Rural areas have tighter social bonds, so change seems less desirable to them.

Generally, urban areas have been the 'losers' when it comes to job distribution etc. in the last few decades, so they have a more positive image of the past, which makes them more conservative.

There's a lot more and more complex reasons of course.

It's not just an American trend either, it's happening across Europe, too.

It also matters what's important to you. Cost of living these days basically gets you a house and land. Most other costs are the same as everyone can shop at Amazon/target/Costco for basically the same prices for most everything they buy. I live in a high cost of living place so I have to settle for a smaller place but I make about 40% more than if I were still back home and since there is more to life than a house I have a lot more money for traveling, going to events, and buying cool things.

It's a trade off but it just depends how important house size is to you.

Actually something like 70% of ny’s impoverished live in nyc. Brooklyn and the Bronx and even queens have millions upon millions of poor people. The South Bronx is still the poorest congressional district in the entire country.

They're also about 1/6 of the US GDP... Lots of rich and poor people live in the most populous state. Imagine that... /s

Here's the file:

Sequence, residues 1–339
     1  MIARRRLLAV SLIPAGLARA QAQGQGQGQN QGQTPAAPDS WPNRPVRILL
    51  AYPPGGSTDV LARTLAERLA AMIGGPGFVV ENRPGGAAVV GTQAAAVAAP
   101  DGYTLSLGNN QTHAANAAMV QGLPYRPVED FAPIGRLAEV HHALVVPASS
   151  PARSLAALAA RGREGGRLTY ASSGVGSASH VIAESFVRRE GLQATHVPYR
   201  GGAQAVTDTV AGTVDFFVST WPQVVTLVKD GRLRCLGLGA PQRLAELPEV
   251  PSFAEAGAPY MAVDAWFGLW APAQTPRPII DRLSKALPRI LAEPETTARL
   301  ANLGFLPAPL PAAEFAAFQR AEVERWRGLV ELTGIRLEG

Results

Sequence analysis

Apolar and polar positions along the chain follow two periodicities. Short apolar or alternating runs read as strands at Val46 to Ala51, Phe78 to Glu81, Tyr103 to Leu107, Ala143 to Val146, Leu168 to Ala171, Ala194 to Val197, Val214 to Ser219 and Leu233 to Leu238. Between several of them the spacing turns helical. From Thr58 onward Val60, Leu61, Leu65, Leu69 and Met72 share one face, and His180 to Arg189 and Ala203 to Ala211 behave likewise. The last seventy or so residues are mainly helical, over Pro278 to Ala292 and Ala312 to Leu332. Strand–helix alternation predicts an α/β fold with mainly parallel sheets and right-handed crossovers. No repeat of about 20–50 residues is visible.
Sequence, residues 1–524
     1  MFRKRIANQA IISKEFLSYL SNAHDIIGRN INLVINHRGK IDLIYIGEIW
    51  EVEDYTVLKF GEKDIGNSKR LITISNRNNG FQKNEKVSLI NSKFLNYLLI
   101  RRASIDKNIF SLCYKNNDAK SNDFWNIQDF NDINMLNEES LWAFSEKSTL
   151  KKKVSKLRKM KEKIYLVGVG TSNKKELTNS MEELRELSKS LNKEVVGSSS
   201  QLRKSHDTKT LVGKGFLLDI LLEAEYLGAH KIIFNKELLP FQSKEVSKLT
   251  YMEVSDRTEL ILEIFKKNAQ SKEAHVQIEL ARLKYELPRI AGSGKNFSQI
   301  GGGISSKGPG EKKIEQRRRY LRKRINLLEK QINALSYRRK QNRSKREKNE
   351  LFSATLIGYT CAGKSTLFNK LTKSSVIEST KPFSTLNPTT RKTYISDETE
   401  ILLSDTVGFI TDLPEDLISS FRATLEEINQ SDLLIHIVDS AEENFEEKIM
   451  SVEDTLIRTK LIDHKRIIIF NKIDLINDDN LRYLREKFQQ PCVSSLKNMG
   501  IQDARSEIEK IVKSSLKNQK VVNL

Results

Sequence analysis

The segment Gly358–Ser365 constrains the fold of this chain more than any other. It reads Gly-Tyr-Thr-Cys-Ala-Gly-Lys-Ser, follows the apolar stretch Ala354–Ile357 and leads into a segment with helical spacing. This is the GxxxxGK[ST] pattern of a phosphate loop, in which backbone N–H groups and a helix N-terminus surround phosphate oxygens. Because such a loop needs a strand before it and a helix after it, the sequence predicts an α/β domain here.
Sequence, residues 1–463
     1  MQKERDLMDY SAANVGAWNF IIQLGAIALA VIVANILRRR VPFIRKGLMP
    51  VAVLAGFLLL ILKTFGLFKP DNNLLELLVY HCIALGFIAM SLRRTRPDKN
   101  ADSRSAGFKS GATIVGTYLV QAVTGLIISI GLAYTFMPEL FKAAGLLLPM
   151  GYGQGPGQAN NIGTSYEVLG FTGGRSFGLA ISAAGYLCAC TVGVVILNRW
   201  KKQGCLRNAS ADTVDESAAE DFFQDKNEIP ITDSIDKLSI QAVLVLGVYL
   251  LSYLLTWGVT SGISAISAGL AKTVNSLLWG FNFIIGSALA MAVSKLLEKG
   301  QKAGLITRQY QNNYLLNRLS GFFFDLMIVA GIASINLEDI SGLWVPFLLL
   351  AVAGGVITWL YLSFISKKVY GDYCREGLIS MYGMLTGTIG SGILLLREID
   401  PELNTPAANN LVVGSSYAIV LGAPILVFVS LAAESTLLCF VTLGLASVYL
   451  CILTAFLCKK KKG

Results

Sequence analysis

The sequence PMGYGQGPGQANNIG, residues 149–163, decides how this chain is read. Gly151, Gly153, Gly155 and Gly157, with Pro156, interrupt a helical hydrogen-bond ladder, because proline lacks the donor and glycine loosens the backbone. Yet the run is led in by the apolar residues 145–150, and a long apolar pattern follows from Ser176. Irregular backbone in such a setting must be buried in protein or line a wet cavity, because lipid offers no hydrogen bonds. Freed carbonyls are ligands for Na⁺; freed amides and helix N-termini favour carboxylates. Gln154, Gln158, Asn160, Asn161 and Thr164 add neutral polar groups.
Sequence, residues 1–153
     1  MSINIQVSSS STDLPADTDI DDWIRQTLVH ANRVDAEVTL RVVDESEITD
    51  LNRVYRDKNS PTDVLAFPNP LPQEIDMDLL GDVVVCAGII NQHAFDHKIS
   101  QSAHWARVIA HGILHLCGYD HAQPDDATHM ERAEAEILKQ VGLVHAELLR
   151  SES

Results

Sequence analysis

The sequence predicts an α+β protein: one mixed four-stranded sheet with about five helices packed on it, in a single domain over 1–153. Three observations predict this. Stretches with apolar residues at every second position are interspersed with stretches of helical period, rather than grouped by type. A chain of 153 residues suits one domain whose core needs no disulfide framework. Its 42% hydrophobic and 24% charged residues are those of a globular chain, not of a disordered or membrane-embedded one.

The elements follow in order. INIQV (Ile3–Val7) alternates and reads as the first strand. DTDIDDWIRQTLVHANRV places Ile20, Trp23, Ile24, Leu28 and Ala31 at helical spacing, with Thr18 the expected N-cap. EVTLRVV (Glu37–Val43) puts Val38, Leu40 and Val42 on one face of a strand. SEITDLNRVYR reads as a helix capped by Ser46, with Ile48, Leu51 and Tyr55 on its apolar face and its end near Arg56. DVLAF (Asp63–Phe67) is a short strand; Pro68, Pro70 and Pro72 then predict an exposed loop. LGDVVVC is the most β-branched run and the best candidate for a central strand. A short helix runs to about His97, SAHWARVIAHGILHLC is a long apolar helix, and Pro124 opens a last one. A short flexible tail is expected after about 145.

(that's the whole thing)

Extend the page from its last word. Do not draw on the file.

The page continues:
Well the motto is "Live Free or Die", so yeh!

It's interesting how the lower income earners shoot themselves in the foot, while the higher income earners try to help the former...

I think that was just people making fun of the house republicans who implied that

It might look low, but it has such huge impact to the local economy. The Alaska example is one of the main arguments for the universal basic income.

Atlanta was founded in a location with essentially no geographic advantages. Indianapolis is a planned city built in what was the middle of nowhere. Salt Lake City and Las Vegas were the middle of the desert. Cities are much richer and more economically dynamic than more conservative areas. Maybe they’re doing something right besides just being next to a river? Favorable geography definitely helps though (this history of New York from port to manufacturing hub to financial center is great https://scholar.harvard.edu/files/glaeser/files/hier2073.pdf).

Our taxes are some of the highest in the country, but we also have one of if not the best public schools in the country. Amazing place to live with such variety. Mountains, beaches, Philadelphia, New York City, farms.